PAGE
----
BP4 Helps Juan Yapur Win at the Digicell Tour of Belize

Here is a perfect illustration of how adding or changing components can improve performance. Juan Yapur is one such rider who took a look at the BP4 handlebar and knew there had to be something to it. Well Juan, you are a smart and aware man. Juan had only been riding our bars for a couple weeks before he did the Valentine Tour. It is a 5 day stage race in Belize. Now I know this is not the peleton racing in the Tour De France, but it is a multi stage race. Juan was not part of a team like the title sponsor Digicell, but that did not stop him from not only winning the master class, but the overall title at the age of 46.

What Juan does not know is how much stronger he is going to get because of the improved positioning and biomechanics. You see, when you optimize position, you can optimize performance. I know that seems obvious, but let me tell you, the cycling industry at large appears to either ignore this fact or it flew right over their heads. Now Juan won by a slim 9 seconds on the final 90 mile stage and I have to wonder, did riding in an ideal optimized position give him that advantage that he was victorious? Duh, of coarse it is, that was a rhetorical question. We have been riding the BP4 for the last 18 months and every one of us has improved in our power output, especially climbing.

Why you may ask? Well, it’s really quite simple. Let me explain. When all of your body parts are aligned properly you get to maximize your performance. I’ll illustrate with this example; if all runners ran with their toes turned in, they would be at a clear disadvantage to anyone who showed up and ran with the feet straight ahead. What would that show? It would be a glaring example of the handicap of all the other competitors. It is also true with cycling. If your body position is not aligned properly, you are handicapping you performance AND the ability to maximize your performance. The cycling industry as a whole has been spending years, and a ton of money, trying to improve aerodynamics of their components. That is all well and good until you put a human on the bike. What has been missing the most important of the 3 touch points. Yep, you guessed it, it’s you hands. I guess the industry never had the time to bother with bringing your arms, hands and wrists into proper positioning. It’s sad, and quite frankly embarrassing, that the handlebar has un-effectively not been changed in over a 100 years. Are you F*&^ing kidding me? What an oversight! We had the opportunity to bring our bars to one of the big boys (name withheld to protect the clueless) and we showed them our bars and explained the benefits. They then tell us of the wind tunnel and how their bike save X amount of minutes off of a X amount of distance. I look at the bars and all they did was raise them so the rider sat more upright. No improvement in position. In fact, the tops were flattened out with no tape which tells me that they relegated them to “non useful” status. I swear to god, my heads going to explode if one more industry “expert” talks about handlebars being aerodynamic. They are only aerodynamic in the wind tunnel without a rider on it. It’s like putting a fairing on the front of an elephant and claiming improved performance.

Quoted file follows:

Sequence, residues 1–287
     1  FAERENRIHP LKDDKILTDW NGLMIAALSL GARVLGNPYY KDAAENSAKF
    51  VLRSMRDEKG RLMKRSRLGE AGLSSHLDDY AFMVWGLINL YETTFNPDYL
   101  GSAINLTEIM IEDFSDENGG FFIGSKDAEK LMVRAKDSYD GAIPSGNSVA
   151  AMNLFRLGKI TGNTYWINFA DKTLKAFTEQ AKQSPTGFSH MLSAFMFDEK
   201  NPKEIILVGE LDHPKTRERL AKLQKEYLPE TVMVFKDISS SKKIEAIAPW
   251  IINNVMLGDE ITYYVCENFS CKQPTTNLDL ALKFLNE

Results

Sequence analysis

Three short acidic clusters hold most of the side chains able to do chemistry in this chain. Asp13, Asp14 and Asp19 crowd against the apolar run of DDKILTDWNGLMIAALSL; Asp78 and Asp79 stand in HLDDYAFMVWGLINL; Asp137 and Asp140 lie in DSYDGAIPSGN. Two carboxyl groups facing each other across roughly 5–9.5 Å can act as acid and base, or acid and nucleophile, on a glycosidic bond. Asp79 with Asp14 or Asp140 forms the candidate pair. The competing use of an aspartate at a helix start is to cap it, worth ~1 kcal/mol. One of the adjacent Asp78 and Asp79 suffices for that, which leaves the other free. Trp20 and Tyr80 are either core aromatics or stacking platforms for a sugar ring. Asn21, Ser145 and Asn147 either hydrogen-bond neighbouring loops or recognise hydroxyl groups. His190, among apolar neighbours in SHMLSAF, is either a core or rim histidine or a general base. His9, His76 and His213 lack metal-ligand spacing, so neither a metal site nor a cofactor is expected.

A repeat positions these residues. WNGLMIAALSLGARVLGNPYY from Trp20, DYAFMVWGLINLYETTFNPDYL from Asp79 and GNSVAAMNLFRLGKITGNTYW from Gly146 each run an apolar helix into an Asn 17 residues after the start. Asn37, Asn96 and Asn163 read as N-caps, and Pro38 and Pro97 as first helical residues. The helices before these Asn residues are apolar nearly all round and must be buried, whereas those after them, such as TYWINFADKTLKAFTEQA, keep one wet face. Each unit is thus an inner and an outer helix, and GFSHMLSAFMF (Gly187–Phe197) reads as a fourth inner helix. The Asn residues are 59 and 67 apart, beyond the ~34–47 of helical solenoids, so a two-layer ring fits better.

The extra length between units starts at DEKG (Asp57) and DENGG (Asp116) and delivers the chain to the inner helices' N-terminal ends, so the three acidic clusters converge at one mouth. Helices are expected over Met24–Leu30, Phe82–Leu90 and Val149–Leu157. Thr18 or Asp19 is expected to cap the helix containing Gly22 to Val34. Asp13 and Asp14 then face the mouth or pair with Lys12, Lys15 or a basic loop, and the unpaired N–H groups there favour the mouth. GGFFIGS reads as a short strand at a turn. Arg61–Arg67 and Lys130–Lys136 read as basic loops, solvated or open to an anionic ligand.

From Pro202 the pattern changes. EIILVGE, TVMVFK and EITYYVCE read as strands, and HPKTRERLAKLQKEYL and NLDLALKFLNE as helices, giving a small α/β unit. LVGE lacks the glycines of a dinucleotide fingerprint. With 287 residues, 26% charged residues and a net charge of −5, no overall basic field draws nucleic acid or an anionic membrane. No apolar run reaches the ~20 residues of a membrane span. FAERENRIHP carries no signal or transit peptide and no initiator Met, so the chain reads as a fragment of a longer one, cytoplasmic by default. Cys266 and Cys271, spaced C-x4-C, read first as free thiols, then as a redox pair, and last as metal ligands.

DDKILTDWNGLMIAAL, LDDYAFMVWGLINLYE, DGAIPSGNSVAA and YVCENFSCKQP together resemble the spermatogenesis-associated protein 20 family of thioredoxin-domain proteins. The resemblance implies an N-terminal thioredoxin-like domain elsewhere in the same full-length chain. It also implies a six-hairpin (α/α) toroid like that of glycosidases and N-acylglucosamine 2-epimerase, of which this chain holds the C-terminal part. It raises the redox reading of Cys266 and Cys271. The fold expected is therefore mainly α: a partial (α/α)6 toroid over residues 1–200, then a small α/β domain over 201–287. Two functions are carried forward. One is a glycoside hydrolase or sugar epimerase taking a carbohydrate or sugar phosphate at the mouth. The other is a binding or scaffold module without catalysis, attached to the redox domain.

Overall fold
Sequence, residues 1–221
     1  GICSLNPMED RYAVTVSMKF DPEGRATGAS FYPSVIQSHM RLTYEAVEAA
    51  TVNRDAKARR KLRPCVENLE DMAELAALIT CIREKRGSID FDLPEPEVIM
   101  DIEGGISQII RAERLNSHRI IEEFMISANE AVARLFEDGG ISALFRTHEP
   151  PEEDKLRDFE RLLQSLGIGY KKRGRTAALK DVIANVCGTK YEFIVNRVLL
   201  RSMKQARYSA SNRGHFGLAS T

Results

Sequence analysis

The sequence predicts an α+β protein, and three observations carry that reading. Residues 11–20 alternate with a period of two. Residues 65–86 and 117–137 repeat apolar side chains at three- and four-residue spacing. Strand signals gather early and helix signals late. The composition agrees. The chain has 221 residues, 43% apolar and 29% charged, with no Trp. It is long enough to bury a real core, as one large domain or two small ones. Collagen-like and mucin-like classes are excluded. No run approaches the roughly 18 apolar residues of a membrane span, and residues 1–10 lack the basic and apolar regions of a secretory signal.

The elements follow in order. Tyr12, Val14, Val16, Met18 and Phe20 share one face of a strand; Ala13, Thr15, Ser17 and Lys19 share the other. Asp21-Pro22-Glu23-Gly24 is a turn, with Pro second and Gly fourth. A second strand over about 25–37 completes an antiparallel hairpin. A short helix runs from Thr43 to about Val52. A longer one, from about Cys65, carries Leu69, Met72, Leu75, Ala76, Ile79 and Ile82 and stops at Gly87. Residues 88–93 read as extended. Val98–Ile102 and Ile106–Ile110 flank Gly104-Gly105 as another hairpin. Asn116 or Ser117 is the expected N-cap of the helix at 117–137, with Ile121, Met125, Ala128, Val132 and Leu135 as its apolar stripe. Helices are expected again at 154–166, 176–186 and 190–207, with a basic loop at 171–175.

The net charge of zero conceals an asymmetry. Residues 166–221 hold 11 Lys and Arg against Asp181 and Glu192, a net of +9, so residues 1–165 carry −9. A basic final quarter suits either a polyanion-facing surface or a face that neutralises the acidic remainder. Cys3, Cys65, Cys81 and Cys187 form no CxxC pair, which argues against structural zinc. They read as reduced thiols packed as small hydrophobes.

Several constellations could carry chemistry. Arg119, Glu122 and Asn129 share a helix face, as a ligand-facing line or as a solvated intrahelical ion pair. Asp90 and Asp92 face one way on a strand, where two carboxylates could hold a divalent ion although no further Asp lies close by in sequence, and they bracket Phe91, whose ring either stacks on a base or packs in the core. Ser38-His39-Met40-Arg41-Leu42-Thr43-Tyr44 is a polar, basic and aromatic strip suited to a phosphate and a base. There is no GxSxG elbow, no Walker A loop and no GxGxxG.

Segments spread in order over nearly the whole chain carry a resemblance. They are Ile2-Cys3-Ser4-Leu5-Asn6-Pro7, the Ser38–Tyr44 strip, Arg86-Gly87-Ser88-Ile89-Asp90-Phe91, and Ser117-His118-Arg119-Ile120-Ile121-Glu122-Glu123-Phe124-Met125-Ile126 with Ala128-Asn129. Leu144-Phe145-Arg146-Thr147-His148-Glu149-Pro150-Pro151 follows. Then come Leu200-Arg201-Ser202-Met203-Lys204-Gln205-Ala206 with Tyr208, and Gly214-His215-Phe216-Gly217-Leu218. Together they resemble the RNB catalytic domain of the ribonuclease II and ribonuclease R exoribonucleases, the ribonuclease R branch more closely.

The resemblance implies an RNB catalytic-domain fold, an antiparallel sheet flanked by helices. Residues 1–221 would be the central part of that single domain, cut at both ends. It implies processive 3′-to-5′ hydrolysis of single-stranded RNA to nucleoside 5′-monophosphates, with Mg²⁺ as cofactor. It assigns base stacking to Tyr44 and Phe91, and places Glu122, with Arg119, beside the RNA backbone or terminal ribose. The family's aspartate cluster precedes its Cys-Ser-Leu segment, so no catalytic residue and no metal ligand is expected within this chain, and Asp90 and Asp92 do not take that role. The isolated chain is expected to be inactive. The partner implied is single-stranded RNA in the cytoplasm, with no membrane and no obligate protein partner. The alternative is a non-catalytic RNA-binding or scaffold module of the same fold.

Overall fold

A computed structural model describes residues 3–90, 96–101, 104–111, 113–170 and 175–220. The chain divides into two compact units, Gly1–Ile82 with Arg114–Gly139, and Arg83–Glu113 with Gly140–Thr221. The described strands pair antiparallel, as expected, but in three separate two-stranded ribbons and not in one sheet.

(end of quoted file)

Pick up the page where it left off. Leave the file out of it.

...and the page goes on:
We can also claim improved aerodynamics because we proved it on a velodrome using the Alphamantis system. The problem with that is that it loses it’s meaning when the buzz word over the last years has been nothing but that word-aerodynamics. We at BP4 decided to take a different approach to our marketing. We claim to be the worlds first TT bar for climbing. Why did we do that? Quite simply, nobody else can claim a TT bar for climbing. Because of the bend we provide in the bars, the hips are more open)because of the more upright position), the hands and wrists are correctly aligned. Because of the position you can generate more power earlier in the stroke cycle. More power over a longer pedal stroke gives the rider the ability to improve power output.

Do you see where I’m going with is? Back to the example I used about runners. You can only get so fast in a certain position and until that position is corrected, ultimate power and performance will be realized. The fact of the matter is that we more aerodynamic, descend better, and allow you to climb like a mountain goat, but that might appear to be bragging, so until we get a bigger saturation in the market and riders have that “light” go off over their heads that is a better alternative to what has been available, we will hang our hat on the “TT” thing.

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